I was six months pregnant when the founder and CEO of the media company I worked for casually walked up to my desk and told me they likely wouldn’t renew my contract the following month. I would be out of a job, given no maternity leave, and unemployed – just in time for my first child’s birth. The ironic part? My employer was a small startup aimed at empowering women financially.
After crying hysterically in my car for about 45 minutes, I came up with a plan to bounce back financially and never be at the mercy of a mercurial boss or dying business again.
Here’s how I jump-started a successful freelance career in the months leading up to my first baby’s birth. Today, with a nine-month-old, I make more money than at my last full-time gig, while also staying home full-time with my sweet boy.
Start building your business before you’re unemployed
If you’ve ever worked at a startup (or any small business, really) you’ve likely heard the phrase “burning the furniture.” Basically, this means that when a business is having cash flow issues, they’ll start cutting back on everything from bonuses to free lunches to yes, even paying freelancers. And if you’re paying attention, you’ll notice.
When I started to notice some red flags related to my last employer’s finances, I used it as an opportunity to start creating a professional safety net. I created a profile on Upwork, a platform for freelancers that connects you with leads in your field and facilitates payment for any clients you take on through the site for a fee.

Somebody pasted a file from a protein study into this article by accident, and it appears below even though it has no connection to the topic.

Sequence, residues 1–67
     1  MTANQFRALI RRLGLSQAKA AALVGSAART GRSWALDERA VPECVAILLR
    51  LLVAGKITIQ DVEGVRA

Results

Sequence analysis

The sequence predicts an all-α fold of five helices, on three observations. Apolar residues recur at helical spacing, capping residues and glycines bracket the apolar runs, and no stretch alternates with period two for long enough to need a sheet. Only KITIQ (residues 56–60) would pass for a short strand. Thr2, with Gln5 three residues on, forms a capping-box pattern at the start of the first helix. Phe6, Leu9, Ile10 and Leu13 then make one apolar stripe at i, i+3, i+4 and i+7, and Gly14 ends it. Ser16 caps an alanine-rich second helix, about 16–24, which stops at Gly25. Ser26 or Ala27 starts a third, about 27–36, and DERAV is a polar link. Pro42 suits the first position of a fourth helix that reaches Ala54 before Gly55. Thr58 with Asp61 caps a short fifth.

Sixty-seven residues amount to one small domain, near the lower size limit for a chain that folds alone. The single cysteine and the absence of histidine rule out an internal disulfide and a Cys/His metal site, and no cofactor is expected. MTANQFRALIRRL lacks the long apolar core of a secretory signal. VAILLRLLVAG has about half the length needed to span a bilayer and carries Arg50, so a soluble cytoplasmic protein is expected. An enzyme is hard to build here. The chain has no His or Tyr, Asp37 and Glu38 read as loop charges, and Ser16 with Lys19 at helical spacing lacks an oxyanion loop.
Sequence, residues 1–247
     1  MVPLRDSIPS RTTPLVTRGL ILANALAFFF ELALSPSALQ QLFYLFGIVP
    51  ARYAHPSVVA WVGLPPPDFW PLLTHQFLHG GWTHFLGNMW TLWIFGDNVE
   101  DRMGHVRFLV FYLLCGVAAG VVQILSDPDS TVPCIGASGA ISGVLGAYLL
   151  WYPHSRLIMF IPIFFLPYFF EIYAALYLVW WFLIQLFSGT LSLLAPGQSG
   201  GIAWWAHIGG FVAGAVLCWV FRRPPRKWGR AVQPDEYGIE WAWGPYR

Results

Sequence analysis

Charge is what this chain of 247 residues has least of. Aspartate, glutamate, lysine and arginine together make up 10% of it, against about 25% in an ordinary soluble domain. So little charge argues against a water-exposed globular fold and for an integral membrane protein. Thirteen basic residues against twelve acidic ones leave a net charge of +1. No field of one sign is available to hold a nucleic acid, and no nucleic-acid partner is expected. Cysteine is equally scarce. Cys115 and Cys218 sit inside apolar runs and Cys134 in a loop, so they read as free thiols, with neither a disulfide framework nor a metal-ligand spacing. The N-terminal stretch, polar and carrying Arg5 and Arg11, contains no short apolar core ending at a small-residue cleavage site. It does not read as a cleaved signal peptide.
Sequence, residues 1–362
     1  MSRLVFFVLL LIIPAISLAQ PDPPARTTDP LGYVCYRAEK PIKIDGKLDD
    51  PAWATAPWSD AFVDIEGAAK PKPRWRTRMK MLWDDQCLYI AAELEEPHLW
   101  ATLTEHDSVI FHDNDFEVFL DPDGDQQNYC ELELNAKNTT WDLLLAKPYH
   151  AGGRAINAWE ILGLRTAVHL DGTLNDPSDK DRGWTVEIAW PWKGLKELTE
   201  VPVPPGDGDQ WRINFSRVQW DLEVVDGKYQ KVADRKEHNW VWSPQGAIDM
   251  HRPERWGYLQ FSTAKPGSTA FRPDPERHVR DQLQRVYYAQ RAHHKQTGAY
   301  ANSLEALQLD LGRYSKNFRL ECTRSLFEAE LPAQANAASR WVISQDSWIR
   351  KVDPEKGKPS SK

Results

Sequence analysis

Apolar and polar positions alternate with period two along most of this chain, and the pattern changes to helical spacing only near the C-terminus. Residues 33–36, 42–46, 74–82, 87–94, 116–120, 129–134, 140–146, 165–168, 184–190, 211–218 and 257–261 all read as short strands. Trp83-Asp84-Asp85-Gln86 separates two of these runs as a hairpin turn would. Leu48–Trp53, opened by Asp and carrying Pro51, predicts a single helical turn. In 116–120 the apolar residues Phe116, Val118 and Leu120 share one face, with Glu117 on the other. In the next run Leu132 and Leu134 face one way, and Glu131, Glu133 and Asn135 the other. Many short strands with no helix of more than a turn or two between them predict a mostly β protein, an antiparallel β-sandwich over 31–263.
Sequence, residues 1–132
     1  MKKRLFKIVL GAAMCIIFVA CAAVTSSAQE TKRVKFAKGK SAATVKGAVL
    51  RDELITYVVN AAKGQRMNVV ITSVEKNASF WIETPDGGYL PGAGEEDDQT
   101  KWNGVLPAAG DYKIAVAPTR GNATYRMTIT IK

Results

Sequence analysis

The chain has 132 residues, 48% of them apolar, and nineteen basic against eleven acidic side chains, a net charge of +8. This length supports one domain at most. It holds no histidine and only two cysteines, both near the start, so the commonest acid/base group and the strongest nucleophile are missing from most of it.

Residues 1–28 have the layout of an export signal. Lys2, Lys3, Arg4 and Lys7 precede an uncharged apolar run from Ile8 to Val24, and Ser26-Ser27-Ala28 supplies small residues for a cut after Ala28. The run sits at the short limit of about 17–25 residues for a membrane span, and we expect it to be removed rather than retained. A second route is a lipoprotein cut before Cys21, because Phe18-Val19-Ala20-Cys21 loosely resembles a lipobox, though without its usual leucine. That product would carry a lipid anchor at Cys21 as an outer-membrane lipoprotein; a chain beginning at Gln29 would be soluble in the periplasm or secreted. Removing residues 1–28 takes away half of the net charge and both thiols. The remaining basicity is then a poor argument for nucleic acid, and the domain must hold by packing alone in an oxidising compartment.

I also reached out to former editors and bosses for any potential freelance work and applied for several freelance job listings – all before I left my full-time gig. Since I was still employed and wasn’t desperate, I was able to find two or three solid clients before I was officially unemployed.
Come from a place of yes
About a month before my son was born, I was approached by a new publication that was interested in hiring me to freelance. It was a medical-based site with an emphasis on finance, and I almost said no right away. After all, I had never done any medical writing and I wasn’t sure it interested me.
But instead, I took the call with the editor and liked him so much I ended up signing on. To date, he is one of my best clients – easy to work with, prompt with payment, and I am able to flex my creative muscles in a new way.
Know your worth
In the freelance world, there’s a common saying: determine your rates, then double them. As a freelancer, you need to account for not just the time you spent completing the work for that client, but also the time it took for you to pitch the client, any introductory or follow-up phone calls, even the time it took you to invoice.
You should also take into account what I call general freelance activities. This means responding to public relations pitches, promoting your work via social media, invoicing, even doing your taxes.
So this means your rate doesn’t just include the time you spent researching, writing, editing, or conducting interviews. It should also account for a portion of the time you spend each month completing those general freelance activities.